I chose to compare Clemson only with other public, 4-year universities in South Carolina. I recognize that this makes my pool limited and lacking in diversity. However, this method will separate external forces that would otherwise affect the tuition costs for the college. A few examples would include individual state legislation toward college grants and loans, lottery money, average household income for state residents, etc. Also students that would have paid in-state or out-of-state tuition would have the same tuition criteria for any college on this list. So, how did South Carolina’s big institutions compare?
The graphs from each of these institutions were extremely similar. Initially they all show a steady increase all the way across the graph. However, if the “Adjust for inflation” box is checked, it shows a slightly different picture. For each graph, the time frame from the year 2000 until 2009 shows the greatest increase. Clemson’s in-state tuition increased 24.1% from 2003 to 2004 alone. After 2009 the in-state and out-of-state tuition for each of these colleges begin to balance out with inflation. From 2009 to 2014 most of the colleges show and average increase of 1% over inflation for in-state and 2% for out-of-state.
This graphic shows the % increase from 2000-2014 for the in-state and out-of-state tuition of the universities I compared:
Then compare that to the inflation of the US dollar from 2000-2014:
Some how the price of college increased roughly 300% on average while the US dollar only inflated 37.5% in the same time frame. In Problems with Privatization, Chris Newfield analyzed similar tuition concerns with the University of California as the college shifted from public to a more privatized business model. If such a model were implement, Newfield stated, “undergraduate fees rise as quickly as seem politically possible; graduate and professional school fees rise to “market” levels as rapidly as possible; annual increases are routine and significant” (187). Newfields analysis seems to be directly mirrored by the figures of South Carolina’s public institutions. As state cuts affect colleges, the bill will be passed on to other hands through tuition costs.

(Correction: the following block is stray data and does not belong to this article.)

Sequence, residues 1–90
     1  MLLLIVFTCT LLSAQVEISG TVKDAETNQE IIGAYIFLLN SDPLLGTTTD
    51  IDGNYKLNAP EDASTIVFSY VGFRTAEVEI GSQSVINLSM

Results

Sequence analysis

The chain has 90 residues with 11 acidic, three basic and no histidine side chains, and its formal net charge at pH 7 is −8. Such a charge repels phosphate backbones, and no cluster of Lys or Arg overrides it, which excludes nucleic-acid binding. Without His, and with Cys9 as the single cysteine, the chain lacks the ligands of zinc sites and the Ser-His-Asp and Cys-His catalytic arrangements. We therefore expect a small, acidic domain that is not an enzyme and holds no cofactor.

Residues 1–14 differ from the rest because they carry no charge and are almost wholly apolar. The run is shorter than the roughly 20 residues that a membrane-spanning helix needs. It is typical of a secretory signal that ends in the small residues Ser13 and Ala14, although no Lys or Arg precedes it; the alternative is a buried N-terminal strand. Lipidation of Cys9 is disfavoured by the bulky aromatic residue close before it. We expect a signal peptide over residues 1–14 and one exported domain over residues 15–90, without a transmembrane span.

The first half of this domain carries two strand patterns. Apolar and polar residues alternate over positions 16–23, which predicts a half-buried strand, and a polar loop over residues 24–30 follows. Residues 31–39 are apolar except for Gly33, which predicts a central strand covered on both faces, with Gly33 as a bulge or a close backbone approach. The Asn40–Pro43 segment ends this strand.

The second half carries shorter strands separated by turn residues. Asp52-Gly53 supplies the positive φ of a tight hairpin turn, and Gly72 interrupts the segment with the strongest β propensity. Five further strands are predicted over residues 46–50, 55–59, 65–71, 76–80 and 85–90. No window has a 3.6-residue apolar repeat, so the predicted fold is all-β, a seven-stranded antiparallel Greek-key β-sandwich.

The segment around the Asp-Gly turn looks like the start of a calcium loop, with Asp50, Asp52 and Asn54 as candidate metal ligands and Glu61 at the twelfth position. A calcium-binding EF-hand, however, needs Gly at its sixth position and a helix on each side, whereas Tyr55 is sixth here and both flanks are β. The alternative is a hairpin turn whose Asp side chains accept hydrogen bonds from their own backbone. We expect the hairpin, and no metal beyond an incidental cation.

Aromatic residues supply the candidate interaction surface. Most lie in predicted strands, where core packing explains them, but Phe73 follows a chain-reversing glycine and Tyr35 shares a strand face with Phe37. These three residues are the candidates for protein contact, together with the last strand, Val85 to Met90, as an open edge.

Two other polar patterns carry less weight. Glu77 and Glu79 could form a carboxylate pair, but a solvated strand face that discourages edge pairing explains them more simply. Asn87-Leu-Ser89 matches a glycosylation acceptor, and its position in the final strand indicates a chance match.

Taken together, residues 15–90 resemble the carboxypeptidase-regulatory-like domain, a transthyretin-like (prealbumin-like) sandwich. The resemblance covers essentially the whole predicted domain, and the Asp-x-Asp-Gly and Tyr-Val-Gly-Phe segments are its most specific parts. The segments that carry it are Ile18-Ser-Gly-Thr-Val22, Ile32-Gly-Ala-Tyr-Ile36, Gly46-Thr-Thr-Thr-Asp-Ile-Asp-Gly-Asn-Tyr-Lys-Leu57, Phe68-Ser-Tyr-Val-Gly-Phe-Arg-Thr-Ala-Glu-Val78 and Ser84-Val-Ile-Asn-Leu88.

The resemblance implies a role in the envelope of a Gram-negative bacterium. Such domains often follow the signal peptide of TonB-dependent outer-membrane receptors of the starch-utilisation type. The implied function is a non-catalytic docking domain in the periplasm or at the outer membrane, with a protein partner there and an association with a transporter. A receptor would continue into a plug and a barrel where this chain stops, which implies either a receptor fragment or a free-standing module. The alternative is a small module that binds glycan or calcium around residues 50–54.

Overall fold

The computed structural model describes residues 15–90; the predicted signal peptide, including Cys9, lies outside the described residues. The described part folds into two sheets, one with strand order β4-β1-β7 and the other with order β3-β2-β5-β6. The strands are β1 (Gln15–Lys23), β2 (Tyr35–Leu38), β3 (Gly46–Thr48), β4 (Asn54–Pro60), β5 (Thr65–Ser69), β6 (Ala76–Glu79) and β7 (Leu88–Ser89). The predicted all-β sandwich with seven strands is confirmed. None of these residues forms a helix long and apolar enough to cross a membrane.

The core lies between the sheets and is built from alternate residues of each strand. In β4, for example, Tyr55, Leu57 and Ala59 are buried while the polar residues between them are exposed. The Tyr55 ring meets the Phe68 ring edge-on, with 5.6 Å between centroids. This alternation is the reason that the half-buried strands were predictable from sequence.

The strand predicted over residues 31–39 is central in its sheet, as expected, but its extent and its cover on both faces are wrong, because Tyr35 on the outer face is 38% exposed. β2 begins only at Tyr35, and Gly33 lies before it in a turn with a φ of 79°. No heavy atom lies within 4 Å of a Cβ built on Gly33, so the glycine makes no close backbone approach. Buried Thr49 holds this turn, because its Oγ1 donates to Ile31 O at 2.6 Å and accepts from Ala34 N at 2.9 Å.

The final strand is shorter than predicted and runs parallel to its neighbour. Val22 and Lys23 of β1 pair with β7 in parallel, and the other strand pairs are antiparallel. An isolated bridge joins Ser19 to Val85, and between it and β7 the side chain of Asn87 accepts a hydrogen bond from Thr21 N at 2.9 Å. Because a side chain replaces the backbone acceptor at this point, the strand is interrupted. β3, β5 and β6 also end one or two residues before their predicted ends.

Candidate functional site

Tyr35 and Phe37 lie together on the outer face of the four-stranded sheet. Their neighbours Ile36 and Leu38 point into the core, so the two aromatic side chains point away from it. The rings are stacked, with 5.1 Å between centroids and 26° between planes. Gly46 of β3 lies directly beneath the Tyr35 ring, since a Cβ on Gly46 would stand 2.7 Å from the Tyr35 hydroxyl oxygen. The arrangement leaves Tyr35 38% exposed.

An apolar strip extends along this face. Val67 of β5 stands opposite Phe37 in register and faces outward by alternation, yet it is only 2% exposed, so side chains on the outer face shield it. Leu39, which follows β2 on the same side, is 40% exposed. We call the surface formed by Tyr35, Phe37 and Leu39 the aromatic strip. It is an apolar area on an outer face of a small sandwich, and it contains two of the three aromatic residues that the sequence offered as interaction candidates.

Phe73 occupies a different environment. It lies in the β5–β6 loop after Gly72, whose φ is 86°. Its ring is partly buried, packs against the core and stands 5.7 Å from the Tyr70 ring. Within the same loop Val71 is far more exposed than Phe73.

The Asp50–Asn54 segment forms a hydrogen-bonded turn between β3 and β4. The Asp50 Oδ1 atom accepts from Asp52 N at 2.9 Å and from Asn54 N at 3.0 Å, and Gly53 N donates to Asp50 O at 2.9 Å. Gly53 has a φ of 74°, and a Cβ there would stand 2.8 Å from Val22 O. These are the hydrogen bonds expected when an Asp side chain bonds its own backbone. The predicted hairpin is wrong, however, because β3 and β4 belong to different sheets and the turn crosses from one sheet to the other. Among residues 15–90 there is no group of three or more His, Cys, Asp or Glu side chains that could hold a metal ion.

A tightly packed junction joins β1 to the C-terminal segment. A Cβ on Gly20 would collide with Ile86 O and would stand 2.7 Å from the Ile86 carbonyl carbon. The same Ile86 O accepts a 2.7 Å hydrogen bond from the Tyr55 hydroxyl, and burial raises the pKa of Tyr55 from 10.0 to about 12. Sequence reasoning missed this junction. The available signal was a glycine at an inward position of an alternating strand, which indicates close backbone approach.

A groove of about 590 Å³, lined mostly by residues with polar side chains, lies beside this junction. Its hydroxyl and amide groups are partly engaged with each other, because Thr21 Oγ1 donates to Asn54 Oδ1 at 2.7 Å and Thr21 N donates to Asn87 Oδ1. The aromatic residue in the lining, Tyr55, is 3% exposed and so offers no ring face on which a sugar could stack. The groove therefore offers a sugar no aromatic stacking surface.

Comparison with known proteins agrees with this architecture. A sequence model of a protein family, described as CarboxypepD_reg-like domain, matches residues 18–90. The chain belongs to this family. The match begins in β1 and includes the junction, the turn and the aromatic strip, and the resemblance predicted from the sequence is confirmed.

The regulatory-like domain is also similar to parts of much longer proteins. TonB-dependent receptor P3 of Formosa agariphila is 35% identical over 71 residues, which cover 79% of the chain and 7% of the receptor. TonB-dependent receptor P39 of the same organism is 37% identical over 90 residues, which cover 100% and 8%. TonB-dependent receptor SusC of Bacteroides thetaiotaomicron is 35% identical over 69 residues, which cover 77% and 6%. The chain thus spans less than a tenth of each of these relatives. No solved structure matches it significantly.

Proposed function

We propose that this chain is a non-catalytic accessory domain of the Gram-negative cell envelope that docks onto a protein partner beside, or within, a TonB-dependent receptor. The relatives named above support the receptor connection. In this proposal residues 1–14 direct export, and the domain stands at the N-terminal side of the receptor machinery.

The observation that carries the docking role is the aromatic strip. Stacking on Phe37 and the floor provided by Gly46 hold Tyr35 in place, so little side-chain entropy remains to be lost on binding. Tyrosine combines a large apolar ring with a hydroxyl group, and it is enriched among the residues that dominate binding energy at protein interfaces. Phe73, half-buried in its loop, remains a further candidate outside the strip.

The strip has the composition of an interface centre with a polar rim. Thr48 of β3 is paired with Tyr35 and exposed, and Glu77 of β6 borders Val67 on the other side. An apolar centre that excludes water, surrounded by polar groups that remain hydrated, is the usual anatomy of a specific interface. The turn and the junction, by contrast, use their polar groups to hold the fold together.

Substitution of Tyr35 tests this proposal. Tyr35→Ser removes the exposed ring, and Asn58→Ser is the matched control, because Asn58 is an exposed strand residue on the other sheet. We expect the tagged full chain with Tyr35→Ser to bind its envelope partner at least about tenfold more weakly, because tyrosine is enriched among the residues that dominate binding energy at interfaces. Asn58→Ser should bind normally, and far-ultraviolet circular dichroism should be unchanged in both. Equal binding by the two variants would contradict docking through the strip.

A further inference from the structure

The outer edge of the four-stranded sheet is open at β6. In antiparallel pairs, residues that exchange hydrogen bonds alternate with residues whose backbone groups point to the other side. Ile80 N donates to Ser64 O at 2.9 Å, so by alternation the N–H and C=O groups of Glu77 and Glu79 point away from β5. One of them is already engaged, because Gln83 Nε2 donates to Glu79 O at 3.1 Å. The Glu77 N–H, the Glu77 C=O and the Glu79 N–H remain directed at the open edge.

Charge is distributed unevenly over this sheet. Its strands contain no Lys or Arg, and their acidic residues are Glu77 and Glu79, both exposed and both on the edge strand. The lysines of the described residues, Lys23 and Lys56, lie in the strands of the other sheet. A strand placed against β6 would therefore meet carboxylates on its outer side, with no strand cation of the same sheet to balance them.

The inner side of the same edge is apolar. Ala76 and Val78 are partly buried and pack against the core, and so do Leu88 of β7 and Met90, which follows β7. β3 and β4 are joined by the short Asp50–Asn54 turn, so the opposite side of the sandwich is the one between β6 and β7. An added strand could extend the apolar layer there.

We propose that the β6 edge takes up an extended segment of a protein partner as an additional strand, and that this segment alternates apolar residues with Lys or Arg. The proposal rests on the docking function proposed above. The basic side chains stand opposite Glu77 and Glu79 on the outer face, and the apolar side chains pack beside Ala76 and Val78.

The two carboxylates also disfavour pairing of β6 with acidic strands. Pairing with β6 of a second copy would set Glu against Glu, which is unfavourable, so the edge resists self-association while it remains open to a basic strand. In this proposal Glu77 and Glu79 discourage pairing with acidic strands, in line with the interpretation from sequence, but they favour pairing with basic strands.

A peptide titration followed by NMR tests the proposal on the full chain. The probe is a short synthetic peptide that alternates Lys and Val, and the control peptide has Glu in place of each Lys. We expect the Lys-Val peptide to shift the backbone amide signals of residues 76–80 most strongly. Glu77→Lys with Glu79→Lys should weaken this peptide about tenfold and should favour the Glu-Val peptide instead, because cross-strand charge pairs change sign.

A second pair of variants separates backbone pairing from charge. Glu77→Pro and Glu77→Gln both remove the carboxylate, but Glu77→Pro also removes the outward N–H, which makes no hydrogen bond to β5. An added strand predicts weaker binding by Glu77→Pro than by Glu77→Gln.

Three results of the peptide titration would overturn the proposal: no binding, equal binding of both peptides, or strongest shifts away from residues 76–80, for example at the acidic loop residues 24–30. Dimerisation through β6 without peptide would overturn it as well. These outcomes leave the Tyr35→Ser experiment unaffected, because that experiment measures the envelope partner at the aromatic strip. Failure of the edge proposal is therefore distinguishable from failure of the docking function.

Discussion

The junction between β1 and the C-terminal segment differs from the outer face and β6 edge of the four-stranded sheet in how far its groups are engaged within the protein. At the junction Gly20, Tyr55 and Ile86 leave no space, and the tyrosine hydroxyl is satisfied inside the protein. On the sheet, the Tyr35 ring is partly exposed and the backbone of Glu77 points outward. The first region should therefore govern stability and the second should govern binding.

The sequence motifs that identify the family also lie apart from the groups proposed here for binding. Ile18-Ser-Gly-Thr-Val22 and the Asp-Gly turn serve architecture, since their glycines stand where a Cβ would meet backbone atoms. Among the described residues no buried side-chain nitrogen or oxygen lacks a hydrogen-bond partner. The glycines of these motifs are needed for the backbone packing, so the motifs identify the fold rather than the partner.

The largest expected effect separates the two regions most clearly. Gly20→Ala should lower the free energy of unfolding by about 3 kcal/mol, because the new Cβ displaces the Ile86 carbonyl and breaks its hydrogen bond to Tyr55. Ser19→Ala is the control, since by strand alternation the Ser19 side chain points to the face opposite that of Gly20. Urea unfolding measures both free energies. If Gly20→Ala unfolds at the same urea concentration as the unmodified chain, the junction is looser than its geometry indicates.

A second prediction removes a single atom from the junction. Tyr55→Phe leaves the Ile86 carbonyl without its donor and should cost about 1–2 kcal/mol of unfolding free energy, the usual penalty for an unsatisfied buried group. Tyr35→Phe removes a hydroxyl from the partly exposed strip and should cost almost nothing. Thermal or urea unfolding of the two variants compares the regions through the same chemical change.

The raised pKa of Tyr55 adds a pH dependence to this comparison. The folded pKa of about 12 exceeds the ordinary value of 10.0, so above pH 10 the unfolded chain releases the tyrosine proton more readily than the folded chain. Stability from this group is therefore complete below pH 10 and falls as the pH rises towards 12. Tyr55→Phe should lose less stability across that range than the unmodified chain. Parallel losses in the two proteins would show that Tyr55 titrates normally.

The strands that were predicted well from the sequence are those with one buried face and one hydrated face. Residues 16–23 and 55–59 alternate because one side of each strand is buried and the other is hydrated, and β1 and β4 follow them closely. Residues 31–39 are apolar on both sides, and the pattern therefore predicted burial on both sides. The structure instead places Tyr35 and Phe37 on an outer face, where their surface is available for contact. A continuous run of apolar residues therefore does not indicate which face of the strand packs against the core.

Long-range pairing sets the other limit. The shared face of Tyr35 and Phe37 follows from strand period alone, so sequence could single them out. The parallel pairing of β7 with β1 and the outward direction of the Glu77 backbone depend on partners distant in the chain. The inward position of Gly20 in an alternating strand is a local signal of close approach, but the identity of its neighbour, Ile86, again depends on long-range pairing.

The causes and corrections for these changes in tuition are the hardest aspects to pinpoint. The overall economy is a good place to start. As I indicated previously, the greatest increase was from 2000-2009. It can not be by chance that this time frame coincides with the recession as can be shown by the DOW Jones Ind. Average:
That economic crisis hit everything involving a dollar, euro, or yen hard. Greece is still reeling from the economic assault with unemployment over 25%. The cuts to public education were hasty decisions made by law makers while the proverbial ship was sinking. Now that the economy appears to have returned to normal (as can also be shown by the DOW), will the lawmakers readdress the needs of public education?